Those that lived in the dark woods and mountains to the north of the Danube had long remained on the edge of autonomy. The Romans had defeated the ancient Dacians of today’s Romania in 106 AD, but the new Roman province of Dacia only incorporated part of these lands. As Germanic tribes swept into this region in the 3rd century, the Romans pulled out. Local rule persisted for centuries, with semi-regular foreign incursions, until the Danubian Principalities, Moldavia to the north and Wallachia to the south, became independent in the mid-14th century.

Italian Map of Wallachia and Moldavia by G. Pittori, 1782.jpg
Italian Map of Wallachia (South) and Moldavia (North) from 1782

It was in the 15th century, however, that these two principalities began their unique relationship with the Ottoman Empire that defined the two principalities for nearly four centuries and left its mark on the region, culture, and people.

Vlad III Dracula, the Impaler
Vlad III Dracula, known as “the Impaler,” Voivode of Wallachia

As the Ottoman Empire defeated all of the various states in the Balkans, its borders expanded northward. Soon Ottoman armies were at the Danube and Wallachia’s voivodes, or princes, were fighting for their lives. By the mid-15th century Wallachia was paying tribute to the Ottoman sultan and Wallachian royal children, including the future Vlad the Impaler (r. 1448, 1456-1462, 1476), were sent to the Ottoman court as hostages.

But it wasn’t just Ottoman domination of Wallachia from hereon out. Wallachian voivodes often rebelled. For example, Vlad received his nickname from having had his enemies, including Ottomans, impaled on stakes. It was often a fine line between bowing to the sultan and fighting against him.

In 1476 and 1538, Wallachia and Moldavia respectively became Ottoman vassals. They were theoretically autonomous in all but their foreign policy. Along with the Crimean Khanate, they were the only regions to maintain a degree of autonomy throughout the Ottoman period. In comparison, all of the other Balkan states had been annexed directly by the Ottomans. But this loose form of administration did not preclude rebellions. Perhaps the greatest was under Michael the Brave (r. 1593-1601), who united Wallachia, Transylvania, and Moldavia and posed a real challenge to Ottoman authority. But when he was assassinated in 1601, the Danubian principalities were right back where they started.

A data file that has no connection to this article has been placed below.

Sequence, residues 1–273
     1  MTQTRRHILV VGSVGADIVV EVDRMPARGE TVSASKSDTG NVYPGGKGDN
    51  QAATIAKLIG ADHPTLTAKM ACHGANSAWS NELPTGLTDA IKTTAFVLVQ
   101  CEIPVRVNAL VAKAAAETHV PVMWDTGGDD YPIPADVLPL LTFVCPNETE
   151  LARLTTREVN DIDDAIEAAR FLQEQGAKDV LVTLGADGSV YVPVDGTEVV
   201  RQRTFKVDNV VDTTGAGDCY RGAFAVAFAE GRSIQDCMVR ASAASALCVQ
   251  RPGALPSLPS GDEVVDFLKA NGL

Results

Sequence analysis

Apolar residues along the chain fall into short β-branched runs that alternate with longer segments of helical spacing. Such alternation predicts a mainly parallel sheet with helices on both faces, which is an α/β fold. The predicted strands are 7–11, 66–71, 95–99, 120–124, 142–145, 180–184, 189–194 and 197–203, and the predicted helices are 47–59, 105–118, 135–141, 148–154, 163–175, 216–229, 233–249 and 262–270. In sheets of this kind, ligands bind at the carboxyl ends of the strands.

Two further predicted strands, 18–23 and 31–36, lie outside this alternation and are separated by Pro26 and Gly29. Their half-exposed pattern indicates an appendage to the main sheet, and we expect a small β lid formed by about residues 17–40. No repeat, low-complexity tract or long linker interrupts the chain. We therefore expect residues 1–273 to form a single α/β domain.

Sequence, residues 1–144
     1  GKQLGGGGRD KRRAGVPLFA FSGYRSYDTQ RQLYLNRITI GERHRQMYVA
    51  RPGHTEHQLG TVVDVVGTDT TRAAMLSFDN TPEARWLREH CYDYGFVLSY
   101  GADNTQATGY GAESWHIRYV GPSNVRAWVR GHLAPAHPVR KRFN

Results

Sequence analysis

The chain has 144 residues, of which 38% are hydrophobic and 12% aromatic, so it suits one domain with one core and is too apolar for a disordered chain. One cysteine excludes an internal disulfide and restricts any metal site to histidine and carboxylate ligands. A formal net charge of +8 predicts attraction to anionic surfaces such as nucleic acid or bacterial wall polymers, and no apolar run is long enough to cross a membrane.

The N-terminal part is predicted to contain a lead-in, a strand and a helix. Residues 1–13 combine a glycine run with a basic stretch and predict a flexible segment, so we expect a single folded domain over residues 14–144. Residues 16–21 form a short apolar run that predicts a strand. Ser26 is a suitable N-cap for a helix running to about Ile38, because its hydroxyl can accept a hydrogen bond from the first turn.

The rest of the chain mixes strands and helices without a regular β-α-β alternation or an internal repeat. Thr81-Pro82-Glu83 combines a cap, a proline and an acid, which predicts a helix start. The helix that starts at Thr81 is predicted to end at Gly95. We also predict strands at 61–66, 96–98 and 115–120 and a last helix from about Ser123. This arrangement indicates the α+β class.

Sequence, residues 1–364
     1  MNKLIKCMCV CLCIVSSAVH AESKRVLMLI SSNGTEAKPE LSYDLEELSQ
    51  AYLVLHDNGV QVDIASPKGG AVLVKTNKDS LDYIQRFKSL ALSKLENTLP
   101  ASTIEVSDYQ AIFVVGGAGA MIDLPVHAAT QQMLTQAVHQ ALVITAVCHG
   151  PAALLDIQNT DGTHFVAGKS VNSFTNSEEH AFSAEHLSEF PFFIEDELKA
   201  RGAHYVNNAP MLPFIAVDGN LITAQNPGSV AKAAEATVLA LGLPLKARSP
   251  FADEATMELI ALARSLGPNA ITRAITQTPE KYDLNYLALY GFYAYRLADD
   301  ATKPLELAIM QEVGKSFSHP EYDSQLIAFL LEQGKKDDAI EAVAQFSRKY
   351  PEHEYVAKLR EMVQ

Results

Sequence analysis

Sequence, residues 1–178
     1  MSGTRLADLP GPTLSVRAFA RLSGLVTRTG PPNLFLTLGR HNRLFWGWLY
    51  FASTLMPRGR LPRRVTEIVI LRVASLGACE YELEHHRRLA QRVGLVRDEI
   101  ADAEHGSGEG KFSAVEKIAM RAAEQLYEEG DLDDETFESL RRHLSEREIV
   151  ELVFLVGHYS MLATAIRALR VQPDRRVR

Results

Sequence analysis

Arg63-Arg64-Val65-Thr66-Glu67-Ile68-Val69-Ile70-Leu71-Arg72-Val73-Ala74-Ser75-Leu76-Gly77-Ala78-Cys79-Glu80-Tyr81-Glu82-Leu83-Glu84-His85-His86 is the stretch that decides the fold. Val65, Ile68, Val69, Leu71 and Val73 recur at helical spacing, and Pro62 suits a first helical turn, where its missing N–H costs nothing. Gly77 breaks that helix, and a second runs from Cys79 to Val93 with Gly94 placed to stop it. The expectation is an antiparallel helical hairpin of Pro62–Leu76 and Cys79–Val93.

Constantine Mourouzis, Voivode of Moldavia 1777-82
Constantine Mourouzis, One of the Phanariote Voivodes of Moldavia (r. 1777-1782)

In the 17th century, large numbers of Greeks and Levantines moved to Wallachia and Moldavia, developing a strong presence there that would be especially important later. Meanwhile the periodic rebellions against Ottoman authority continued: in coordination with Transylvania in 1658-1659, with Austria around 1690, and Russia in 1710-1711. The Ottomans had enough and in 1711 and 1714 respectively, they did away with the local election of the voivode and instead installed Phanariotes, prominent Greeks from the Ottoman capital of Constantinople, as voivodes. This was an attempt to create ethnic and loyalty divisions in the Danubian principalities. The voivodes now depended on the Ottoman sultan for their power, not the local nobles. Uprisings did still flare up, but they were less frequent.

A new dimension in Danubian-Phanariote-Ottoman relations emerged in the early 19th century. An uprising in 1821 by Tudor Vladimirescu was aimed primarily not against the Ottomans, but against the ruling Phanariotes. Alexander Ypsilantis, the leader of the Greek revolutionary society the Filiki Eteria, ended this rebellion and later betrayed and killed Vladimirescu. Ypsilantis launched the Greek War of Independence from the Danubian Principalities, where he received support from the local Phanariotes, but not the local Wallachians or Moldavians. Ironically the Greek War of Independence, despite having lacked much Danubian support, scored major improvements for the Principalities. The Ottomans removed the Phanariotes from power and let local nobles rule once again. In the Treaty of Adrianople in 1829, the Danubian Principalities were placed under Russian military occupation, although they theoretically were still Ottoman vassals.

It would take rebellions against Russia, the union of the two principalities under Alexandru Ioan Cuza, and a war with Russia against the Ottoman Empire for Romania to emerge as an independent state. The unique Ottoman experience of the Danubian Principalities, from rebellions to Phanariotes, shaped the future country of Romania and when it did emerge at the end of the 19th century, its national memories were replete with heroic battles of late medieval voivodes against the Ottomans, life as Ottoman vassals, and the rule of the Phanariotes.